People addicted to opioids usually develop the addiction by starting with another drug — a gateway drug — that leads to using opioids.
One type of opioid gateway drug, the prescription painkiller, has gained attention because it is easily available legally.
Many people who have used opioids are often prescribed them by their physician to manage pain and/or injury that is not responding well to other medications.
Opioid drugs work by binding to opioid receptors in the brain, spinal cord and other areas within the body.
They illicit euphoric effects by binding with the opioid receptors in the brain. “Different opioid drugs have different effects determined by the way they are taken and by the timing and duration of their activity at the opioid receptors,” says drugabuse.gov.
Opioids reduce and eliminate some messages of pain sent to the brain, reducing their sensation felt by the body. Those who are suffering from chronic pain find them to be a welcome relief to a body fraught with continual pain. In many instances, the discontinuation of the drug by the prescribing physician may leave the patient with physical and/or psychological cravings.
This craving may incite the need for continuation to seek the drug; not only for the reduction and blocking of pain signals, but increasingly for the feelings of relaxation and relief. These unfortunately are the first glimpses of substance abuse occurring within the patient.
“Most public health officials and a growing number of policymakers now acknowledge that the country’s rise in prescriptions for opioid-type painkillers such as Vicodin and Percocet play a major role,” HealthLine says.
Sometimes, it’s easier to think of people who are addicted to drugs as being completely different from you, living the type of life you won’t encounter. However, the connection to painkillers means people you know and love could be addicted, and even you could be vulnerable.
“People often assume prescription pain relievers are safer than illicit drugs because they are medically prescribed; however, when these drugs are taken for reasons or in ways or amounts not intended by a doctor … they can result in severe adverse health effects,” the National Institute on Drug Abuse says.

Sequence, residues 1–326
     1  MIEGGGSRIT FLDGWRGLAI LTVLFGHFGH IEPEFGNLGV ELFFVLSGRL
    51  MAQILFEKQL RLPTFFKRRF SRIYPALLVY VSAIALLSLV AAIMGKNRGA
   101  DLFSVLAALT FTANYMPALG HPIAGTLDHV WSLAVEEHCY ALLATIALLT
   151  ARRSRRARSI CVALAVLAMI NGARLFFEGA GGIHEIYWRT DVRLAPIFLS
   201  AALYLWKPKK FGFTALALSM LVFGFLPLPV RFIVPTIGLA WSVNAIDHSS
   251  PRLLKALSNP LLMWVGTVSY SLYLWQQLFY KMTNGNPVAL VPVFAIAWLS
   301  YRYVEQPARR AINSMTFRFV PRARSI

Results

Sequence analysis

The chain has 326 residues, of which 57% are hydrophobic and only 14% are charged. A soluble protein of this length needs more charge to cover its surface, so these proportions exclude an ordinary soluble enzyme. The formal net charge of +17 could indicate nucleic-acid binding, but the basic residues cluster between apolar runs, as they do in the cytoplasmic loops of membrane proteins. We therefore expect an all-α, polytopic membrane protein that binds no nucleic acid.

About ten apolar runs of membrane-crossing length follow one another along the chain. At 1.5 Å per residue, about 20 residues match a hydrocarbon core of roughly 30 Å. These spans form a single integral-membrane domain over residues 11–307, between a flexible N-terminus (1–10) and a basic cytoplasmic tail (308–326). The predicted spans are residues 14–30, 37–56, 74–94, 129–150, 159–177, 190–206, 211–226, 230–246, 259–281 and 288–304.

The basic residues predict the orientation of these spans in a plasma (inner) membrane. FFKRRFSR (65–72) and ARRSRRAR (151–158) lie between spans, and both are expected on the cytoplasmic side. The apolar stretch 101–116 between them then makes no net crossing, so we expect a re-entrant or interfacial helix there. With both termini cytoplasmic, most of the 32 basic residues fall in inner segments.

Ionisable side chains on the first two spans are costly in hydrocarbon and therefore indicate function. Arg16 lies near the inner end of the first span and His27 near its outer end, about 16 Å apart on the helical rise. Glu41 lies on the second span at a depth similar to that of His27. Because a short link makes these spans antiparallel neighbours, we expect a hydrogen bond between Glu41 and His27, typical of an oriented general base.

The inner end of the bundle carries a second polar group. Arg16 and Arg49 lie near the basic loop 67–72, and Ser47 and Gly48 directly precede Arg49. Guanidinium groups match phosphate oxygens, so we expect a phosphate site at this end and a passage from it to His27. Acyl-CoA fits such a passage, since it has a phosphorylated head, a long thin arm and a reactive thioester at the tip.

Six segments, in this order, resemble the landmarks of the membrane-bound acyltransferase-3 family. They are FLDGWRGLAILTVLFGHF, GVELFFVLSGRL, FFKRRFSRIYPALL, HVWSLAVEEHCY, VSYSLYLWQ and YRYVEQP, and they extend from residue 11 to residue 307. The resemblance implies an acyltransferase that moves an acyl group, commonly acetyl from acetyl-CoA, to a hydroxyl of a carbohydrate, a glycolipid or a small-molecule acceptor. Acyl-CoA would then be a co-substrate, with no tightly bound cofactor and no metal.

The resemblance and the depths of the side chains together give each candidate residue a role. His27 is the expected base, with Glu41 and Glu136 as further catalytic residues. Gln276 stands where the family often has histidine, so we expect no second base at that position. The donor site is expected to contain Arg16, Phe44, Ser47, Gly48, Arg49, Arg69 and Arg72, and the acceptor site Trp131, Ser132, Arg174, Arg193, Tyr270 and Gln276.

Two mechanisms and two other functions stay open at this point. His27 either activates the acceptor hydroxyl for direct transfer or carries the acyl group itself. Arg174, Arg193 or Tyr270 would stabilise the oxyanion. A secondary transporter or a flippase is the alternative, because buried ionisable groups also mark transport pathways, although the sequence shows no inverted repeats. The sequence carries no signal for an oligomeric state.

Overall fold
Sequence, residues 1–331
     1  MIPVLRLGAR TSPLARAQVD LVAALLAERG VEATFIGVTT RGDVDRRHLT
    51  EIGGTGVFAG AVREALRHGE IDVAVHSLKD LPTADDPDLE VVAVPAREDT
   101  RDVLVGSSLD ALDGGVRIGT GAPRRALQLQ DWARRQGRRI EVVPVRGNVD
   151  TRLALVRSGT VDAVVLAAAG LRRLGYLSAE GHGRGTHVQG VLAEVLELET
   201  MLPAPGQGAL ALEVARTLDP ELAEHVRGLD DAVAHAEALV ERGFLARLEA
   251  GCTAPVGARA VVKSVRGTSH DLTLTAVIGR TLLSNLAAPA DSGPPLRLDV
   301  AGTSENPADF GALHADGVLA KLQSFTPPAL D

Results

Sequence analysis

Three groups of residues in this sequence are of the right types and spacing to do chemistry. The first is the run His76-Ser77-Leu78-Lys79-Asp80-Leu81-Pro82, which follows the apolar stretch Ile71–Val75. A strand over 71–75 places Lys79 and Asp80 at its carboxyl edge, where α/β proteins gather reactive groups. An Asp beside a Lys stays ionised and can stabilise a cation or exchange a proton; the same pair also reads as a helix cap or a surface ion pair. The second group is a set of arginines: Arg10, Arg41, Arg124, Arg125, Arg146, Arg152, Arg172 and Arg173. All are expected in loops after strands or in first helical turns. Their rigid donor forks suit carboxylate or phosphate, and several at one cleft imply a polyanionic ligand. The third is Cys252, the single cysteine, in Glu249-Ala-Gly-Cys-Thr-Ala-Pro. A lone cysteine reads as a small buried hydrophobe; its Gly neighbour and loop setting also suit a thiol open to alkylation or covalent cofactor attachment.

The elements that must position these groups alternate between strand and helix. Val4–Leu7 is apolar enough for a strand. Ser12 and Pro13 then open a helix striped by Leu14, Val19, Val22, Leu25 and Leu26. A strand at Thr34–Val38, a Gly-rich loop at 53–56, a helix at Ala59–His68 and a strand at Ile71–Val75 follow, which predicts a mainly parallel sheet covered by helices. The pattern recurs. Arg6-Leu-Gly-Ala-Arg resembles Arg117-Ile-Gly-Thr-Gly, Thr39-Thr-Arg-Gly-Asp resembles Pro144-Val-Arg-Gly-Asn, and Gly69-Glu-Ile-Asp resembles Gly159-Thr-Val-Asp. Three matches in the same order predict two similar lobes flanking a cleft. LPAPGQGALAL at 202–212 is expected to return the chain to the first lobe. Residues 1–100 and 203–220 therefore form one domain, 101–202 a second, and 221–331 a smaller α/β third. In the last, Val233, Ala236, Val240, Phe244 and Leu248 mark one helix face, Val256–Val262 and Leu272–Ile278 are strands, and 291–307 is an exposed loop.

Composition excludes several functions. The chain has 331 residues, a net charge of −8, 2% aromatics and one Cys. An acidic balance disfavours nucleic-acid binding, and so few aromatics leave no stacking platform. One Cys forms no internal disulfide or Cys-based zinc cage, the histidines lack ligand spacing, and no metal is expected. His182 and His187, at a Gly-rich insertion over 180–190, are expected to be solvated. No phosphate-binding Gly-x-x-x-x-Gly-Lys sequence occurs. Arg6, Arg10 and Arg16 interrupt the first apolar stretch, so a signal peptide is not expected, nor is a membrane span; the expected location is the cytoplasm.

Research shows addiction to painkillers can lead to heroin use partially because it is less expensive and more accessible than prescription opioids, according to the NIDA.
Additionally, in a 10-year poll, people who said they had used pain relievers for non-medical purposes were 19 times more likely to have tried heroin than people who had not used pain relievers outside their intended purposes, according to research published by the Center for Behavioral Health Statistics and Quality.
How do you avoid the road to heroin abuse for yourself and your loved ones?
Educating yourself by reading this and other articles helps. Additionally, if you or a loved one has prescription opioids, follow your medical provider’s directions carefully. If you feel the prescription is wrong — either too high or too low — speak with your doctor to get it changed.
When you have leftover painkillers you don’t need, dispose of them properly, so neither you nor anyone else will be tempted to use them. The U.S. Food & Drug Administration gives continually updated information about how to dispose of various drugs.
Beating an addiction to painkillers or heroin may require rehabilitation, therapy and other options. If your loved one is battling a heroin addiction, you can offer your love and support while still setting boundaries that make you comfortable and don’t enable the addict.
“When initially bringing up the suggestion of treatment, do your best to avoid negative dialogue that focuses on blame and judgment,” drugabuse.com says. “Addiction is already isolating and stigmatizing so negative communication can push the addict further away. You will likely have better results if you encourage treatment in a caring and supportive manner while also making your personal boundaries clear and consistent.”
If you or someone you know is struggling with addiction, call Detroit Wayne Mental Health Authority at 1-800-241-4949 or visit dmha.com for more information on prevention, treatment and recovery services.
We are here to talk. We are here to help.